Small businesses can often find themselves at the mercy of one-sided contracts. However, the new unfair contract legislation discussed below is about to change that. The legislation seeks to protect small businesses that have little or no bargaining power when negotiating and entering into a contract.
The Treasury Legislation Amendment (Small Business and Unfair Contract Terms) Act 2015 (“the Act”) will become operational on 12 November 2016. The Act extends the unfair contract terms regime to small businesses.
When does the Act apply?
The Act applies to “consumer contracts”. Consumer contracts are contracts that relate to:
the supply of goods or services; or
the sale or grant of an interest in land.
“Standard form” consumer contracts are affected by the Act. A standard form contract is a contract that is presented to a party on a “take it or leave it” basis, that is the terms of the contract must be accepted without negotiation.
Finally, for the Act to apply certain prerequisites must be satisfied namely:
at least one of the parties must employ less than 20 people; and
the upfront contract price must not exceed $300,000 or, in the event that a contract exceeds a period of 12 months, then the upfront contract price must not exceed $1,000,000.
The upfront contract price is the consideration payable under the contract. If multiple goods and services are to be provided under the contract then the upfront price is the consideration payable for the total supply under the contract. Contingent amounts, that is, amounts that depend on the occurrence or non-occurrence of an event are not included in the calculation of the upfront contract price. Finally, interest payable under the contract is taken into account in calculating the upfront price payable. The exception to this is credit contracts.
When is a term of the contract “unfair”?
A term of a consumer contract is unfair if it:
causes a significant imbalance in the parties rights and obligations under the contract;
is not reasonably required to protect the party who has more “power” or would be advantaged under the contract;
would cause financial or other detriment to a party if it were to be applied or relied on.
Examples of what constitutes an “unfair term” include:
where only one party can avoid or limit performance of the contract;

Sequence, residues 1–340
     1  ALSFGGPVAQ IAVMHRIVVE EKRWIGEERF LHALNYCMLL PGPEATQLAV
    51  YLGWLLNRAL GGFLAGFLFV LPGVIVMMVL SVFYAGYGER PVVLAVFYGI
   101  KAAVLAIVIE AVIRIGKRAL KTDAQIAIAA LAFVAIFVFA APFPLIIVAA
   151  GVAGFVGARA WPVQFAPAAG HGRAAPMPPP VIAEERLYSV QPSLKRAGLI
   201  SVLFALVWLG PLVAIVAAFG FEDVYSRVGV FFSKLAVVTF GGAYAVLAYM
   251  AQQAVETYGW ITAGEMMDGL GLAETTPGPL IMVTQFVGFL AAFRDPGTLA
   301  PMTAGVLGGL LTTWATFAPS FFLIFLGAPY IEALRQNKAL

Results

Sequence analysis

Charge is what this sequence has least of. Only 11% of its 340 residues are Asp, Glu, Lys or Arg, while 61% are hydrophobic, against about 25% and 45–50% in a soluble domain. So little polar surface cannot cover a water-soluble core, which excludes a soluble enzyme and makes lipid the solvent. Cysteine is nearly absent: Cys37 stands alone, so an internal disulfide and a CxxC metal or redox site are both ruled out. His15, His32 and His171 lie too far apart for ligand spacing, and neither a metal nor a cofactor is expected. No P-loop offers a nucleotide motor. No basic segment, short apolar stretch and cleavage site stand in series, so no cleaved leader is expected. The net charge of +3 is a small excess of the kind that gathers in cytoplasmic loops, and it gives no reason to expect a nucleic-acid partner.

where only one party has a right to terminate, vary or renew the contract;
where only one party has the right to sue.
In each case the court must determine if the term is unfair after having regard to the contract as a whole. If the court determines that a term is unfair then a declaration is made to this effect and the term itself is void. The balance of the contract remains on foot and in effect. A court cannot order that an offence has been committed nor can it apply a penalty for the inclusion of the unfair term in the contract.
Which contracts are excluded from the operation of the Act?
The following contracts are not captured by the operation of the Act:
contracts entered into before 12 November 2016 (unless they have been renewed on or after this date);
contracts relating to the constitution of companies, managed investment schemes and the like;
certain insurance contracts (such as car insurance); and
contracts in sectors exempted by the Minister (although no sectors are currently exempted.
All businesses should:
review the standard form consumer contracts that they use and identify any unfair terms in contravention of the Act. The contracts should then be duly amended;
if a pre 12 November 2016 contract is varied or renewed businesses should consider whether the contract contains unfair terms that may contravene the Act;
ensure that during contract negotiations parties are given an opportunity to negotiate the terms of the contract and such negotiations should be documented.
Chris Moshidis - Director and Principal
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